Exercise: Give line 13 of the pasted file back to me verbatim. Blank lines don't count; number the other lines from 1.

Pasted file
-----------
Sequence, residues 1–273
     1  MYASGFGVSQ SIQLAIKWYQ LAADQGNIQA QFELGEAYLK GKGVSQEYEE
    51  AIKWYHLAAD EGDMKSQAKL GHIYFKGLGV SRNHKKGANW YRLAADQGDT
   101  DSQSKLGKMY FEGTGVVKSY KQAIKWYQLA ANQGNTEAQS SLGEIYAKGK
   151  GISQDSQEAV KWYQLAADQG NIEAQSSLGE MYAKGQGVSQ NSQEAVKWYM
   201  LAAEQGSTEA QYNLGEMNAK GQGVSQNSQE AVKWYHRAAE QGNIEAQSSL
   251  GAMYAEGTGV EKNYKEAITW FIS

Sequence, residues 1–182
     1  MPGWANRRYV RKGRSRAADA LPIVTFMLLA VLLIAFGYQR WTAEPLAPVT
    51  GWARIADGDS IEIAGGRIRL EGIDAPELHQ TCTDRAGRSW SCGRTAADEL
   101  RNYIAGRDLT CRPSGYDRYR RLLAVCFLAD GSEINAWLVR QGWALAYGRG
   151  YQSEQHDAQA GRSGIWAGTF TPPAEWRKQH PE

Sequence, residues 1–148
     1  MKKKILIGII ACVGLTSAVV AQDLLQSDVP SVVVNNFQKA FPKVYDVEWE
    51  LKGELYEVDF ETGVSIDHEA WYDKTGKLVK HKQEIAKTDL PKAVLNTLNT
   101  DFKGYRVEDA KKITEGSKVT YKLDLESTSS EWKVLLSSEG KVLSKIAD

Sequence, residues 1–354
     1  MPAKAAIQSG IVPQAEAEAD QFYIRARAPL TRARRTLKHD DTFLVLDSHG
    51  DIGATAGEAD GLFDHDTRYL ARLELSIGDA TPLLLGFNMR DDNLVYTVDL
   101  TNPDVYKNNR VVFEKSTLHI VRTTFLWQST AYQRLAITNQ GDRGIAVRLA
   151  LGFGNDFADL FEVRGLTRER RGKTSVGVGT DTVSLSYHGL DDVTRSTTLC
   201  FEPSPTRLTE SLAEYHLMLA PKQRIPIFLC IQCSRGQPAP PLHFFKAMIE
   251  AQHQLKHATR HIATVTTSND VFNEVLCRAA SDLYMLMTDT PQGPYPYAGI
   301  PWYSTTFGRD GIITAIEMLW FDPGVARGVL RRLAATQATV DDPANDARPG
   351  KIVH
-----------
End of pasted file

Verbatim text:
Sequence, residues 1–148